2. The documents of the Committee are not public. The Committee receives proposals from the political parties and MPs, but these have not been published in their entirety. The only document made public so far is a centralized table including the proposals of principle made by the parties, under the title “The theses on which the amendments will be based”. These principles are very general; for instance, they suggest changing some articles without specifying in what sense and they do not include the grounds for the proposed changes.
3. The calendar of the Committee has not been published. To this date, the Committee had failed to publish any calendar of the reviewing process. There are no clear deadlines, including for consultations and debates that would allow all those interested to be part of the process. The only available information about a potential timeline comes from press statements made by various Committee members and is quite imprecise.
4. Faulty organization of the dialogue with the civil society. The Committee delegated the task of organizing public debates to the Constitutional Forum. Yet, the draft regulations of the Committee do not provide any mechanism to allow the Forum to receive proposals from organizations other than political parties. The Constitutional Forum becomes the only communication channel between the Committee and the society, yet there is no guarantee whatsoever that the proposals discussed by the Forum will be even heard by the Committee. We consider that the Parliament cannot avoid its responsibility of consulting citizens by passing it on to another entity, be it public or private.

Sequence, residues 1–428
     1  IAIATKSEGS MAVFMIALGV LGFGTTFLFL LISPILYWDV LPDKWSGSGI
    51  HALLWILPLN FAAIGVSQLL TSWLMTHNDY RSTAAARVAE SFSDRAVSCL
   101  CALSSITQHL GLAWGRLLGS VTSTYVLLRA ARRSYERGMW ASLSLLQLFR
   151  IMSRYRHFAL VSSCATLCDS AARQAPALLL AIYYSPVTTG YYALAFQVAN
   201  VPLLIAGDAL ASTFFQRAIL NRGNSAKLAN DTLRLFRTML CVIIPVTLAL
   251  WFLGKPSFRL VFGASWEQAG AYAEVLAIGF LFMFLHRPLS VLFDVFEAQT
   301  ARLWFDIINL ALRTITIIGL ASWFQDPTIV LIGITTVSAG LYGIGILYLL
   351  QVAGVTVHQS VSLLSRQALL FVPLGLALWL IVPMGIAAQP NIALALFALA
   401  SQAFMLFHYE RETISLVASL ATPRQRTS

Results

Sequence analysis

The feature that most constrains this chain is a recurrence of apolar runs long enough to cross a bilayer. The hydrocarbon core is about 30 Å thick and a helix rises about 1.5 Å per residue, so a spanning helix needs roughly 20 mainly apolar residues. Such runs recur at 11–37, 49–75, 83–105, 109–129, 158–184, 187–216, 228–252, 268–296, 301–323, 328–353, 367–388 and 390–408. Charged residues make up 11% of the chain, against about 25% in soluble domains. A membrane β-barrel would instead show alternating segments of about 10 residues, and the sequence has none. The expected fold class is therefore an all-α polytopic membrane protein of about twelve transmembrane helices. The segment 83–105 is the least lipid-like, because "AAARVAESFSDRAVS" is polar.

The problems mentioned here indicate that the premises of genuine public consultation have not yet been created. The review of the Constitution requires an authentic debate that involves political parties, organizations and citizens alike.
To that end, we are asking you to remediate these problems with celerity and to open the sessions of the Committee to the public , by taking the following steps:
• Sessions should be entirely public: permanent access for the media; live online transmissions (the technology is already available at the Parliament); access of interested citizens to the meeting room;